(con't from Part IV)
A word of caution about using powered keyboard amps ...
The word "amp" in general usage is short for "amplifier" and can refer either to 1) an electronic amplifier or 2) some type of gear containing both an electronic amplifier and one or more loudspeakers within the same enclosure.
A virtual pipe organ, as we all know, must speak through loudspeakers driven by at least one amp which functions to boost the incoming audio signal it receives; the amp and loudspeaker(s), as stated, can remain separate units or be housed together as found in a conventional powered keyboard amp (photo).
The latter, as its name implies, is specially made for keyboard use and typically controlled by a series of adjustable knobs.
For best results the function and operation of these knobs is critical and needs to be thoroughly understood.
It's important to understand the difference between Gain and Volume.
Gain is the parameter for the amount that the amp circuit is going to increase the amplitude of the input signal; usually when adjusting the Gain some sort of pre-amp and how it's going to handle the incoming signal is being manipulated.
In simple terms, Gain is the control for what comes "in" to a piece of gear.
Volume level, or loudness, on the other hand, affects the output headed from an input channel to whatever bus is assigned to it and can be thought of as the power amp level.
In simple terms, Volume is what comes "out" of a piece of gear.
A simple way to think of these from a mixing perspective is that the Gain is going to be the sensitivity, and this is usually a "set and forget" setting.
One reason to not ride the Gain control is that as the Gain increases the noise floor of a signal, i.e. the audible noise of components in the signal chain, increases with it; usually this noise floor is below the threshold of hearing, but, as the Gain is brought up, this noise floor comes with it.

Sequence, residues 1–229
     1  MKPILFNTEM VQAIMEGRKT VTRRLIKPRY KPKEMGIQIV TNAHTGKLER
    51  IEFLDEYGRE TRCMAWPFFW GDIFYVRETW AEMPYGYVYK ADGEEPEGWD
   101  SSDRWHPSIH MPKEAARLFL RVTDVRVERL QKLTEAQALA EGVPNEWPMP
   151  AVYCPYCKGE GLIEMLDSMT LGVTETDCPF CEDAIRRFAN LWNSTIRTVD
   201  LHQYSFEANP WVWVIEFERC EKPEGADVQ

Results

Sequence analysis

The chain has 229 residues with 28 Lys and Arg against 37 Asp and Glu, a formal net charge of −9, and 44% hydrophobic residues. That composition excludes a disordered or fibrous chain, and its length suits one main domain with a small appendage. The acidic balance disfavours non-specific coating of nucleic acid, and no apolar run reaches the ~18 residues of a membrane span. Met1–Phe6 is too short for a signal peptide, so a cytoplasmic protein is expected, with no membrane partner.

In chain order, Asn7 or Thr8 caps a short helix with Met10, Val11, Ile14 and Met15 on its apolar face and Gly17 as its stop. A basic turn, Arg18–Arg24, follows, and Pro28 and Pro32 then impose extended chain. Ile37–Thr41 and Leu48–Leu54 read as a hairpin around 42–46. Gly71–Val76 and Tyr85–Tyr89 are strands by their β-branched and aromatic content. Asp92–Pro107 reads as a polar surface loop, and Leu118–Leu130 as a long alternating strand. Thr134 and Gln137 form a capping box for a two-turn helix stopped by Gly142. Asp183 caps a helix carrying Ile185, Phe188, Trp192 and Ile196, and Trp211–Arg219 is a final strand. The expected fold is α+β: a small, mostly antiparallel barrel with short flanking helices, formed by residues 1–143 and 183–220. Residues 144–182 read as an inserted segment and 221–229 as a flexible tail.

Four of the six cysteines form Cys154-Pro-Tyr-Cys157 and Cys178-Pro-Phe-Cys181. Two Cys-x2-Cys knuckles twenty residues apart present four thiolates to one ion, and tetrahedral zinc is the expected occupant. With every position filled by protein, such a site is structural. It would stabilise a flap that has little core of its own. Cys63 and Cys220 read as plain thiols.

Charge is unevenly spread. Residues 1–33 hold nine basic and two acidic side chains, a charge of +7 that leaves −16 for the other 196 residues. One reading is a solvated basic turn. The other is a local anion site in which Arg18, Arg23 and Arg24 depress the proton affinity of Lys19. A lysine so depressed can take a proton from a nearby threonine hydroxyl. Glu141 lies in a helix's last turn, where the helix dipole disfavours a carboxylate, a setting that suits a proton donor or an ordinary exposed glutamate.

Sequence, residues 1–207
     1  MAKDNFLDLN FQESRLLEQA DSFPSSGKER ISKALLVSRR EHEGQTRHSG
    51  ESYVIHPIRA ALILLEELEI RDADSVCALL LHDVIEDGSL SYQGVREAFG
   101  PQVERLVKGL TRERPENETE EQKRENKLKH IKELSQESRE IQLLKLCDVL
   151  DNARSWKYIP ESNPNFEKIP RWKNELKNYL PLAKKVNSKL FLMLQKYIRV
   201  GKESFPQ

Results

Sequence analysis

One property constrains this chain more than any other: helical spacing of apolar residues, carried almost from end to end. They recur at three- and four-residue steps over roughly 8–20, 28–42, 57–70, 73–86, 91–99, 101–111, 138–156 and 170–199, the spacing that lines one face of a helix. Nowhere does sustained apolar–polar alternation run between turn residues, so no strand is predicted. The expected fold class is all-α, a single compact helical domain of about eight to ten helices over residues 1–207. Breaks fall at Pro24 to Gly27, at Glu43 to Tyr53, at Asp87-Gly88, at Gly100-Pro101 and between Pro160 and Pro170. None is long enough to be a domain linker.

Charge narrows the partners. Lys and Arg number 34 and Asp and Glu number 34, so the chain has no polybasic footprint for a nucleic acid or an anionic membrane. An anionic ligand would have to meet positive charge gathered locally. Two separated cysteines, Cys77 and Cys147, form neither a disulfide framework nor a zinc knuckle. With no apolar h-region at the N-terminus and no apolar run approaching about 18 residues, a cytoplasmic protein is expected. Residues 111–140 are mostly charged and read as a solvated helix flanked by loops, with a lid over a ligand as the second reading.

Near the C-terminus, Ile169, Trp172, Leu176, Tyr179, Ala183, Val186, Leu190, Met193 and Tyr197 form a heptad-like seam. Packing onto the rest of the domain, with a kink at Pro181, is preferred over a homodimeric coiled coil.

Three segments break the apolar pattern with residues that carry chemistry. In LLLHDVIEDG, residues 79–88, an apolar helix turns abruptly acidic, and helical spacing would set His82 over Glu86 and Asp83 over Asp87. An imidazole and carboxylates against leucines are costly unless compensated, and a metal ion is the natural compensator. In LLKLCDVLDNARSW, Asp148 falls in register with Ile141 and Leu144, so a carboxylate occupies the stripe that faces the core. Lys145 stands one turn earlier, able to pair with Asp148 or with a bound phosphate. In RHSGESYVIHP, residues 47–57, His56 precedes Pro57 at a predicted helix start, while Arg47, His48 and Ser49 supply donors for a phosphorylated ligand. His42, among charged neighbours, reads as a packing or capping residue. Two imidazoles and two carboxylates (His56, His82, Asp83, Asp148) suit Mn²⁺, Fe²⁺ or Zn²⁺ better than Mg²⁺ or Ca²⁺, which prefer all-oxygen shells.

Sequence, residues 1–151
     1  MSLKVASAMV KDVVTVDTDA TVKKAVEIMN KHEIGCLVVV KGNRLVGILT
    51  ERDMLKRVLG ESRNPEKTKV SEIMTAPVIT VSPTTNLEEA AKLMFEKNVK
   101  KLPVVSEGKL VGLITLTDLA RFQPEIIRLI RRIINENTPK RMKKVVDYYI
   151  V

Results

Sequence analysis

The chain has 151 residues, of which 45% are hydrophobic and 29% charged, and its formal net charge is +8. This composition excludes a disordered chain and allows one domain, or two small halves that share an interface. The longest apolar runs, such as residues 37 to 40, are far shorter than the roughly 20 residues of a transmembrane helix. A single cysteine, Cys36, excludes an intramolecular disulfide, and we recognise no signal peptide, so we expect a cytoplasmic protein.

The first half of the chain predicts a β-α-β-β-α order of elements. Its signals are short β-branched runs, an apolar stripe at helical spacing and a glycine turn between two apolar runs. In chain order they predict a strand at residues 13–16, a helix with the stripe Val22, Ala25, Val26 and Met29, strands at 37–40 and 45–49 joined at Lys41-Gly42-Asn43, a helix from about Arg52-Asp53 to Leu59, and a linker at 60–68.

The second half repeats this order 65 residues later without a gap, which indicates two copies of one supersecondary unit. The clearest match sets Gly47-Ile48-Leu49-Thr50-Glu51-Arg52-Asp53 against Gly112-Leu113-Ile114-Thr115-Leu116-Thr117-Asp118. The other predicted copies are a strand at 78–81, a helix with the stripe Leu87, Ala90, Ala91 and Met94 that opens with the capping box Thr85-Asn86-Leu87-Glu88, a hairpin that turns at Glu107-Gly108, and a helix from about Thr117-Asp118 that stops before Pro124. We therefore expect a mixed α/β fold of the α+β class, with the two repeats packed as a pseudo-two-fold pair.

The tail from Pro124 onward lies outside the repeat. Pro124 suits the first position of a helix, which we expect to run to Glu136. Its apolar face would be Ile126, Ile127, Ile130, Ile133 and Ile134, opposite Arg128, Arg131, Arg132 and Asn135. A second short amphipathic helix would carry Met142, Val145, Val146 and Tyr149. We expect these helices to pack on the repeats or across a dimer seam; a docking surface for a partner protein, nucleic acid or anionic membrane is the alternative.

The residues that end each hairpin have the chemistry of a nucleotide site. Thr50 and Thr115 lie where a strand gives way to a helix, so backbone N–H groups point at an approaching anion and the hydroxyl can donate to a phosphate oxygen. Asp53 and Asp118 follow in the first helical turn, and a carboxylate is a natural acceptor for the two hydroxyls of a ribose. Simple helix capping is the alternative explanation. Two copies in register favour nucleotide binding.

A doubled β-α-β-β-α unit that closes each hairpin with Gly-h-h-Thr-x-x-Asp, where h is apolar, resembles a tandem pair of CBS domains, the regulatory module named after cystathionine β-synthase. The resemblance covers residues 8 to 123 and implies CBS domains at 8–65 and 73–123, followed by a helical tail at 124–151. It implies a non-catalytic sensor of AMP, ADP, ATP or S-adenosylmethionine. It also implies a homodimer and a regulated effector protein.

When relating this to amp settings, the Gain or drive is going to control how hard the incoming signal is hitting the preamp, and this is where the term "overdrive" comes from as the preamp stage is being literally overdriven.
The Line level input Gain knob first should be adjusted for tonal purposes and then the Volume knob should be used to increase the level of the power amp to bring the signal to the loudness desired.
Doing this the other way around can bring unwanted noise into the signal.
In addition, with certain types of gear equipped with multiple Line level input jacks where the first jack is built to receive either Line level input OR Mic input (photo), bypassing that jack may result in a Gain structure that's suboptimal; this is because such a jack would be supplied with a special Mic preamp to help boost the Mic input signal, as the latter is much weaker than any Line level input signal would be.
This leads to certain "Points" of operation:
POINT NUMBER ONE -- When a powered keyboard amp is supplied with multiple Line level input jacks with the first one capable of receiving either Line level input OR Mic input, THAT jack would be best to use with a single Line level input source.
POINT NUMBER TWO -- In such a case, the Channel One Line level input Gain knob (far left in photo) should ALWAYS be kept at a higher level than the amp's Volume knob (far right in photo) and preferably somewhere near the median position; put another way, the Volume knob should NEVER be set at a higher value than any Line level input Gain knob in use -- or noise will result.
POINT NUMBER THREE -- When some experimentation has been done using the ear to adjust Line level input Gain and Volume, the positions of these knobs (along with Treble and Bass knobs, when present) should be marked in some way, such as with a pencil (photo).
That way, in the event these settings (which may have come at the price of considerable time and effort) manage to get disturbed during transport -- OR if the amp is to be connected at times to a different keyboard instrument -- the same settings can be retrieved easily enough at a future time.
Labeling the male audio cable plugs connected to the console's Line level channel output jacks, showing exactly where they plug into the back of the console, is also a very good idea; a battery powered adhesive label maker can be used to create these labels which then can be wrapped around the plugs very easily.
(con't in Part VI)